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“Are you coming to Jaca?”

“Are you coming to Jaca?” asked Raylton, a rapper from Cantagalo bouncing up and down on fellow hip hop artist Tigrin´s shoulders at the bottom of the South Zone favela in Ipanema last Thursday evening. “Yeah yeah, c´mon, let´s go” replies Tigrin, shrugging him off as we go to take the metro into the North Zone to the Jacarezinho favela, the unlikely location of a hip hop and poetry event attracting artists from all over the city.

Organized by Agência de Notícias da Favela, the event Ritmo e Poesia (Rhythm and Poetry) has been bringing together poetry from the asfalto, ‘asphalt’ or formal city, with poetry from the favela, or informal city, in a fortnightly explosion of beats and rhyme since August last year. Poets, rappers and hip hop artists from all sides of Rio spit words in an innovative open mic event that brings them into one of the city´s most dangerous and marginalized communities.

Arriving in Praça da Concórdia at nightfall, the sound system and stage is set with the base track´s throbbing bass and compere Dudu Pereré reciting biting poetry under the streams of fluttering bunting that cover the square. Member of the Lapa poetry collective Ratos di Versos, Dudu´s engaging presence and effortless gliding between poetry, hip hop and funk has held the open mic vibe together since the event´s humble soundbox and a mic beginnings. From odes to the power of words to funk raps citing wealthy neighborhood Leblon, government benefit program Bolsa Familia and Louis Vuitton bags in the same breath, Dudu’s vocal delivery and sharp wit make him a perfect host of an event that mixes worlds of words.

Inequality, police brutality, violence and corruption are common themes amongst the poets and rappers who take to the mic. Last Thursday, hip hop artist from Caxias, Pevirguladez performed his track ´Eles Não Moram No Morro´ – a savage verbal attack on police and government treatment of the favela set to a samba inflected backing track – to a whooping crowd. Negra Ré, a fiery female rapper from Favela Arara and REP regular, delivered tight rhymes with a singalong chorus on the theme of money: “If you don´t have it, you’re ******.”

While social commentary forms a powerful theme amongst performers, self expression, cultural celebration and narratives of the everyday are all popular subjects. BBQs, the beach, partying and love for Rio de Janeiro all get a nod from Cantagalo´s Raylton and Tigrin flowing descriptions of the vida louca.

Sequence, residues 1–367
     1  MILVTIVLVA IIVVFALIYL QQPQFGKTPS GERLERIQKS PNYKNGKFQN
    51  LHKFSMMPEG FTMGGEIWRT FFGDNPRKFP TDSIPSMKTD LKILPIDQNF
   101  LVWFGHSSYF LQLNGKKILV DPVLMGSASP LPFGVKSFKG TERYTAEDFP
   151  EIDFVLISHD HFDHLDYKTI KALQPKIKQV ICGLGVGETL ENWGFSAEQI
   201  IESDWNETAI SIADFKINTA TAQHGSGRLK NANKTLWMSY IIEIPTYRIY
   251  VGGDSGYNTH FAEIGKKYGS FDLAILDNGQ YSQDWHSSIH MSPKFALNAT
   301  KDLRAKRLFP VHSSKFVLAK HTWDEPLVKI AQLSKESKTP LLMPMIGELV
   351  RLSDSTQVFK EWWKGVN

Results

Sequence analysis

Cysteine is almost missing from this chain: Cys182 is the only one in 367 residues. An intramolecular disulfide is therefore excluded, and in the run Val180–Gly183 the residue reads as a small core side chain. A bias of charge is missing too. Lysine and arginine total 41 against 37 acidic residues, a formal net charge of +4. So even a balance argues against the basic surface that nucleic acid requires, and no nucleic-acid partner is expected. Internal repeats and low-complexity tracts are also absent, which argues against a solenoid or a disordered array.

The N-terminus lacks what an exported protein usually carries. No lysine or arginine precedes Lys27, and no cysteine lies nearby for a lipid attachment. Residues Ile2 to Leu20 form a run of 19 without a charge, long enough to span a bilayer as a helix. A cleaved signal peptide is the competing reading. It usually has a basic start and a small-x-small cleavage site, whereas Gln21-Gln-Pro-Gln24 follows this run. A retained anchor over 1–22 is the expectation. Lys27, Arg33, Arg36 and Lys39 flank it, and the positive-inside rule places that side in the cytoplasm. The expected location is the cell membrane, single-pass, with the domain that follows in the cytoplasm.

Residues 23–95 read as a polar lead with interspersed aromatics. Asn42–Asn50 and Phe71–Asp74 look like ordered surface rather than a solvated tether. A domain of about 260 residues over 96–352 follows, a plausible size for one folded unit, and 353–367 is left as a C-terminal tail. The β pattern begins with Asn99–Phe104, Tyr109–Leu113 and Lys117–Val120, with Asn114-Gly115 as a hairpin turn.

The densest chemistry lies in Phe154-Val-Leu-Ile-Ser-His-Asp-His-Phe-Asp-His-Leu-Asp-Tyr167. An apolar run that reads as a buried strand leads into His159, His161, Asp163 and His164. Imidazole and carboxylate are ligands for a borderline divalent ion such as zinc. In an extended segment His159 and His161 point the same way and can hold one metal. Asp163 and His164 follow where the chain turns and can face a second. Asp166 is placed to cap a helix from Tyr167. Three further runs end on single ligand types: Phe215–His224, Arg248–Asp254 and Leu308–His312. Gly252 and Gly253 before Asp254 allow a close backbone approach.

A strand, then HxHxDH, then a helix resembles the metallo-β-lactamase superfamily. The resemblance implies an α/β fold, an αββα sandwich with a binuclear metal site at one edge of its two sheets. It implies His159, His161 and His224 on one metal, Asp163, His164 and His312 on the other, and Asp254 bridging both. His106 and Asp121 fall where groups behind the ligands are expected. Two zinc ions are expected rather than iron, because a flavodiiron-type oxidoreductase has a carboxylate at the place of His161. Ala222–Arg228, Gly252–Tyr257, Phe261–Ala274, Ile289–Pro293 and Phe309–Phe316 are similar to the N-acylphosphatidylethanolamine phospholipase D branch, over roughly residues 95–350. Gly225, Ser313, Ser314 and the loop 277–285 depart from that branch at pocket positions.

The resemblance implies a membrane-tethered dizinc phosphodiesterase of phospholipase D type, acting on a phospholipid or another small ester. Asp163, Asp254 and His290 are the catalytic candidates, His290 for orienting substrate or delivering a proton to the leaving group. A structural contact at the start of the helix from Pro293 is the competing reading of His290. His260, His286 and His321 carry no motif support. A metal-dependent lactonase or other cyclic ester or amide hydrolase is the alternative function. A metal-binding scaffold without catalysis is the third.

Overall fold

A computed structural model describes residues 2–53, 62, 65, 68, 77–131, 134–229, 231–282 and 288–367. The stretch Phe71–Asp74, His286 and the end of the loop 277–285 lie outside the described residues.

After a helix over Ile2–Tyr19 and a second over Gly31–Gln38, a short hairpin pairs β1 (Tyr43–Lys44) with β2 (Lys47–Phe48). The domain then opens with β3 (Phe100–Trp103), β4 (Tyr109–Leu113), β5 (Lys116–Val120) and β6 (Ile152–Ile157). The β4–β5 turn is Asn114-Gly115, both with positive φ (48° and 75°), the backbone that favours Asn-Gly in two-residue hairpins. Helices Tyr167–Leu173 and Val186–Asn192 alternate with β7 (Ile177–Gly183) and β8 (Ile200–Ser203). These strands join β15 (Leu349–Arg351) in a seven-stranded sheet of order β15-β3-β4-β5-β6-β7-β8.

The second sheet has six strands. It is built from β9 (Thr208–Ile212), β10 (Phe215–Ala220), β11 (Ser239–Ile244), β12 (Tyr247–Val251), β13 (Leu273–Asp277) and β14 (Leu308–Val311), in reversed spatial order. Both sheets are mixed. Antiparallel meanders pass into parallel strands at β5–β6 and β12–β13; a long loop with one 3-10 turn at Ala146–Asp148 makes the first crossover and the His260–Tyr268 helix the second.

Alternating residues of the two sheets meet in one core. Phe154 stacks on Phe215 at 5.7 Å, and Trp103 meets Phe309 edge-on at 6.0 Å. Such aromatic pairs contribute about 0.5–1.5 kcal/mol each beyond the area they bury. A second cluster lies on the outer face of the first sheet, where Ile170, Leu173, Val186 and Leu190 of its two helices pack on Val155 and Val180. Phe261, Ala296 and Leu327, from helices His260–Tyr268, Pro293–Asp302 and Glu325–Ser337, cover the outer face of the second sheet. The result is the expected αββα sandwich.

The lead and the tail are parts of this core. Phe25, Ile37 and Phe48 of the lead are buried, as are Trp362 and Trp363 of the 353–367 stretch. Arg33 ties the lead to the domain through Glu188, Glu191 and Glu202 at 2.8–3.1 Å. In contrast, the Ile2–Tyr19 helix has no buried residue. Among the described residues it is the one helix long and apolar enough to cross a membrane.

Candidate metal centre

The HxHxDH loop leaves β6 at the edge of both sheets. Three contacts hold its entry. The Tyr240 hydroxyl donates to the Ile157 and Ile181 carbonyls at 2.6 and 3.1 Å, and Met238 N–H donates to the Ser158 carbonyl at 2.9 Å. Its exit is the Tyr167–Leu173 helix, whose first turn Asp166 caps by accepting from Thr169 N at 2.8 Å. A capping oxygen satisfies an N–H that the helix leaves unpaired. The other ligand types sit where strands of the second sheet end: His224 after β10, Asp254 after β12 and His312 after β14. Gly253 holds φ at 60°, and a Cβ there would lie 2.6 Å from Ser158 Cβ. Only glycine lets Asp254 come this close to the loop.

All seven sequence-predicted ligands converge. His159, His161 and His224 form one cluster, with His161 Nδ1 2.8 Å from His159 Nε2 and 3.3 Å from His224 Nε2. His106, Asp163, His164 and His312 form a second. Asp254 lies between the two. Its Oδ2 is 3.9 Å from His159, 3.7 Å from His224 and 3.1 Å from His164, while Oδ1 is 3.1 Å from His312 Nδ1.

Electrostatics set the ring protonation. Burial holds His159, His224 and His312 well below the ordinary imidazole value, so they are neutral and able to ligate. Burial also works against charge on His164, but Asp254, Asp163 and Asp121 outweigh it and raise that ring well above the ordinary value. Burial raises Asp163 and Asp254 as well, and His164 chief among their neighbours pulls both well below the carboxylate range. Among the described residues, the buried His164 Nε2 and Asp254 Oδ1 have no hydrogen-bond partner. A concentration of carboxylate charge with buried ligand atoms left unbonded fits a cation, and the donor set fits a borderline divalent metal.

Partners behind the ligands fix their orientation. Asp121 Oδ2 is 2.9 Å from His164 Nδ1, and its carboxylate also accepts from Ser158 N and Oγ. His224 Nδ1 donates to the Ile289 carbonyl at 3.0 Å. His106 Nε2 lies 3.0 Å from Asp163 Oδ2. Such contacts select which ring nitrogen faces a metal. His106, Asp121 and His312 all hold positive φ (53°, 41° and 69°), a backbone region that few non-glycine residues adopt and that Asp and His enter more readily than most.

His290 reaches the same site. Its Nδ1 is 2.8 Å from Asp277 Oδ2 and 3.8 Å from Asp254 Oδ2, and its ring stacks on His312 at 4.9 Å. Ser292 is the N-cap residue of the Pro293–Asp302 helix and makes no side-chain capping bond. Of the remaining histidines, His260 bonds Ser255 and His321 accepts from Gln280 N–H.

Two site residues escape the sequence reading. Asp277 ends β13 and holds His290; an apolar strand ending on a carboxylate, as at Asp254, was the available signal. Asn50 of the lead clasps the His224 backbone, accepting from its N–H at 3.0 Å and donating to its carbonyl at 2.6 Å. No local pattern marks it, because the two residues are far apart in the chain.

At one point a group of young kids bursts into the center of the square and court the microphone as Dudu passes it round for them to shout their line at a time. A guest rapper then launches into funk classic ´Eu só quero é ser feliz´ with the youngsters singing enthusiastically along to the lyrics ´All I want is to be happy, to walk in peace in the community where I was born.´

Their community, Jacarezinho, lacks peace. The third largest favela in Rio after Rocinha and Complexo do Alemão, Jacarezinho is often cited as one of the city’s poorest and most dangerous. Having successfully resisted removal several times in its 90-year history, Jacarezinho today is marked by a lack of government services, the strong presence of the heavily-armed controlling drug faction and its business, and frequent police invasions.

Holding a hip hop and poetry event in this context is a type of cultural resistance, says Ritmo e Poesia filmmaker Samuca whose website Rio Underbelly explores the often undiscussed sides of the city: “It´s about opening the doors to one of the most feared and maligned favelas in Rio to show the qualities that exist in non pacified favelas and its type of cultural defense to counter the almost weekly raids by BOPE and CORE. It´s a forum for liberal expression, artistic communication and dissemination of news.”

Organizer André Fernandes from Agência de Notícias das Favelas agrees, saying “We wanted to do something no one else was doing, bringing cultural [exchange] in before the police come in.” He goes on to praise participants from the community and emphasize the potency of viewing favela lyrical forms as poetry. He says, “People think it´s [just] rap, hip hop and funk but we can see that they´re poets. There are a lot of poets in the favela.”

While last Thursday´s event marked the last Ritmo e Poesia with support from the State Secretary of Culture, André and his team plan to continue the event in the new location of Morro Azul, the hill where the Jacarezinho favela was first founded, with the next edition on Thursday May 31st, starting at 8PM.

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